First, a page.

UMR 5206 Triangle, ENS de Lyon, Université Lumière Lyon 2, IEP de Lyon
Toleration, pluralism and social consensus: reassessing liberal political thought and practice in the Anglo-Saxon tradition
This international conference will focus on the complex tensions that exist between the core concepts of pluralism and social consensus at the heart of political liberalism since its inception in the early modern era. Be it through religious toleration then or through multiculturalism today, liberalism continues to struggle both in theory and in practice with the accommodation of an infinite variety of individual experiences, values, and demands within the pluralist society it seeks to develop and protect. In its recent theoretical developments, political liberalism has notably used the concept of value-pluralism as a basis for its adaptation to multiculturalism, but late twentieth and early twenty-first century self-declared liberal or post-liberal theory continues to think creatively of ways to reconcile the tension between toleration/pluralism and social consensus. One may for instance think of Rawls’ ‘public reason’ or Gray’s ‘modus Vivendi’ as particularly relevant at a time when religious and political discourses seem to interpenetrate so closely again.
We therefore invite papers that will not only explore recent political theory in its attempts to understand the relation between toleration, pluralism and social consensus, but that will also seek out potential loopholes in the traditional readings of classical liberal sources and bring to light those aspect that do not fit the ‘convenient’ narrative of conceptual reconciliation as it is told by that tradition.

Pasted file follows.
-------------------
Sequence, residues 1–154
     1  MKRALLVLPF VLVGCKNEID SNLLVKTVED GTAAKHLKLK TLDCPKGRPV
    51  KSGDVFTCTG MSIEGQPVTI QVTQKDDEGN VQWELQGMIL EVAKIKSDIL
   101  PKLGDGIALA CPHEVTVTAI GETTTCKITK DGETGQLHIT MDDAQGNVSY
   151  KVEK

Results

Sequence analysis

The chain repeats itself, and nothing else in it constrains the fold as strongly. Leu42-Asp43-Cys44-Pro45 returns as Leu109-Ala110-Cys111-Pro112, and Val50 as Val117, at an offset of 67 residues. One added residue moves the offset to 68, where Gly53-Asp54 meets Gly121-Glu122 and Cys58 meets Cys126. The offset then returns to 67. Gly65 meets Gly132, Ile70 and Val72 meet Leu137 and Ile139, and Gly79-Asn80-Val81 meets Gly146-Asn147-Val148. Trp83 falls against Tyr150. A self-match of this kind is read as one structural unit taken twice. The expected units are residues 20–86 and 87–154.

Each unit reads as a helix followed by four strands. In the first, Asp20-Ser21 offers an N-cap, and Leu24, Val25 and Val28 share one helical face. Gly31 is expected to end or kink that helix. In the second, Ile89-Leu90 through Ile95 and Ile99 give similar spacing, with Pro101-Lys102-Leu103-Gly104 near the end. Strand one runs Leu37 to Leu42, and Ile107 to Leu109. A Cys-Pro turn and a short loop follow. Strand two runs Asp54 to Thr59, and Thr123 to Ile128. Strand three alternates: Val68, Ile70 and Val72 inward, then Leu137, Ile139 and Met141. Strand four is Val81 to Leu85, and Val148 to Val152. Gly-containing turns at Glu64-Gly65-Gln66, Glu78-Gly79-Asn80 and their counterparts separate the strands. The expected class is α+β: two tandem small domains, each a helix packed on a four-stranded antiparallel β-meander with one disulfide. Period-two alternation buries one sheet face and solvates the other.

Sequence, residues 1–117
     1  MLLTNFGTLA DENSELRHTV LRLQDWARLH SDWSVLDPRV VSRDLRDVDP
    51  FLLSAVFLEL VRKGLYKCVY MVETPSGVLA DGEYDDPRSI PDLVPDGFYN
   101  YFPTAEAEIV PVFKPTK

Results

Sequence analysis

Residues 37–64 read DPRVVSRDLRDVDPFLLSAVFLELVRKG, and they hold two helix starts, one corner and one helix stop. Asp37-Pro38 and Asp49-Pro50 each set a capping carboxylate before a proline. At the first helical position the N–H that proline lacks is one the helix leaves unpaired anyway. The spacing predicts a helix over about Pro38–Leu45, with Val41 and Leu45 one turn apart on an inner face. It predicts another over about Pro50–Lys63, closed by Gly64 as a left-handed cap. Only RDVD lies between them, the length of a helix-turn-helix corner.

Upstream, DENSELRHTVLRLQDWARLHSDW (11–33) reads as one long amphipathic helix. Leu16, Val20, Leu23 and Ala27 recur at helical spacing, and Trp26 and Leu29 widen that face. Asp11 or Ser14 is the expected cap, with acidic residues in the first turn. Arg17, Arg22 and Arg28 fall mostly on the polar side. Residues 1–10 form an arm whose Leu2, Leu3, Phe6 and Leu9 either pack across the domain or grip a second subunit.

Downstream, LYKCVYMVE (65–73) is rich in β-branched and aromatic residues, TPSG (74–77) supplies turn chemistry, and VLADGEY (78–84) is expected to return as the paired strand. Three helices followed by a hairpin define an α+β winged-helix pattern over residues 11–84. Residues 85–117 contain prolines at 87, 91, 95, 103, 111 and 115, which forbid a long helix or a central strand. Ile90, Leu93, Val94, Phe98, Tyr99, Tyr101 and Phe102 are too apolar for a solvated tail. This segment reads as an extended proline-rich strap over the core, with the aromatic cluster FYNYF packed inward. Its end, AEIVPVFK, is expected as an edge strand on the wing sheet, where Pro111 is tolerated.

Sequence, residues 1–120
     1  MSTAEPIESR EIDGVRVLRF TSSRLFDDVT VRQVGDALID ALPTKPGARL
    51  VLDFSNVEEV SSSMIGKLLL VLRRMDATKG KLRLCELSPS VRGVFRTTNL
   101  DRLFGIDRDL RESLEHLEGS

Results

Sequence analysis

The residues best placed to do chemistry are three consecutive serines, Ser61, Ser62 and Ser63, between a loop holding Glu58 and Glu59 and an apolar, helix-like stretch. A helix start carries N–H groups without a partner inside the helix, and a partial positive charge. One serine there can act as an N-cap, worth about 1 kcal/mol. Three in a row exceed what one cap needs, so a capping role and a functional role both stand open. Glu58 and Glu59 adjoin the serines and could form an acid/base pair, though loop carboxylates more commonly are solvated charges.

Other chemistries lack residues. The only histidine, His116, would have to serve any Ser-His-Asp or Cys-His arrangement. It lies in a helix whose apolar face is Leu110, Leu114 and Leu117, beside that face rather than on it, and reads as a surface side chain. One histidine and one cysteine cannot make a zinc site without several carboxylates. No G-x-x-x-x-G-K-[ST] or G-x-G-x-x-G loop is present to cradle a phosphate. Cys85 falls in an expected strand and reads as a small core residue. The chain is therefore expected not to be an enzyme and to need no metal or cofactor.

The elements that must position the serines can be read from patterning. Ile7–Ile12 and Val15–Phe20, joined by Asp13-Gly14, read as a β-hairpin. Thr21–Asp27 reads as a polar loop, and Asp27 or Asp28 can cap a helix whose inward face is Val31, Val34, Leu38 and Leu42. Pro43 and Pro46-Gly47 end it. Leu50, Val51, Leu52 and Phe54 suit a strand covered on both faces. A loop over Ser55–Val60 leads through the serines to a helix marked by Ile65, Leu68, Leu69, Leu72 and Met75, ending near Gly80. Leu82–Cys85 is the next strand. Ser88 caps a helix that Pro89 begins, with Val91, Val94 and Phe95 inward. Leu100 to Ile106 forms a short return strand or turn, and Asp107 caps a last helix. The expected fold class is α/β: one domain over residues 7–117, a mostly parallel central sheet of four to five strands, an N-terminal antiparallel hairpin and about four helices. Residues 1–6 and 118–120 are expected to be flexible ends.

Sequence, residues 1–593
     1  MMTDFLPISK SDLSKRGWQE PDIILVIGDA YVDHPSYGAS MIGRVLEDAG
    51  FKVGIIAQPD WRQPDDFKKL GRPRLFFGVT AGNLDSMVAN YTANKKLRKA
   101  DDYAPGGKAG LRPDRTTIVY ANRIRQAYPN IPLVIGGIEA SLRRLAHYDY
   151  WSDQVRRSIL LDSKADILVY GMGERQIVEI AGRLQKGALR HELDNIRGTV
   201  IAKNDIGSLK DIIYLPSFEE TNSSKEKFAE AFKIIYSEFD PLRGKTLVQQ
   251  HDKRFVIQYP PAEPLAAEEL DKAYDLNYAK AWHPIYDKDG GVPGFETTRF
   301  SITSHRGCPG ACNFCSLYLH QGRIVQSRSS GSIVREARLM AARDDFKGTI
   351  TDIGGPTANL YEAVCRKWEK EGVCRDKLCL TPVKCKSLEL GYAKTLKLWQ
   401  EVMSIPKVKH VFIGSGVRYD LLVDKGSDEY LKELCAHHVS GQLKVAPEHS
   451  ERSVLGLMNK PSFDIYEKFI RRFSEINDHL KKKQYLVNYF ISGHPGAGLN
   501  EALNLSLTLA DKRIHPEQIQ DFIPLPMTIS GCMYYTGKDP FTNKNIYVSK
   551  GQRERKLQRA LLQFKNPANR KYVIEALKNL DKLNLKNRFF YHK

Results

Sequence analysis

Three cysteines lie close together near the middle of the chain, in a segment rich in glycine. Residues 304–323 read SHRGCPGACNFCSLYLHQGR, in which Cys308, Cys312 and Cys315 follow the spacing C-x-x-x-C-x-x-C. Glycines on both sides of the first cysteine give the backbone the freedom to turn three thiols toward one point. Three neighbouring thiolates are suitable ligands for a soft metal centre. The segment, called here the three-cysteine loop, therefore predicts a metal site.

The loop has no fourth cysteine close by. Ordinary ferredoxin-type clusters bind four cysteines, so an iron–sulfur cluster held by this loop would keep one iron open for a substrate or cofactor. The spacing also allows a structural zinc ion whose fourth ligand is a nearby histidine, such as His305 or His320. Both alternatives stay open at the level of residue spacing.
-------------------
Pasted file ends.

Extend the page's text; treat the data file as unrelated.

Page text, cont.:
Paramount to us is the necessity to assess both the role of contingency and history in the formulation of theory and the influence of normative theory on practical policies, such as, for instance, toleration policies in the early modern era, or the adoption of multicultural ones in a more recent context. Following that line of inquiry, any gap between theory and practice will be of special interest, as it may reveal how conflicts of ideas preceded the emergence of the dominant view and shed light on how the latter endures. Within this framework, ‘alternative’ or ‘counter’ visions of liberalism may also come to the fore.
Papers will be delivered in English.
Please send an abstract (between 250 and 350 words), a short CV and a bibliography to Francoise.Orazi@univ-lyon2.fr and Frederic.Herrmann@univ-lyon2.fr
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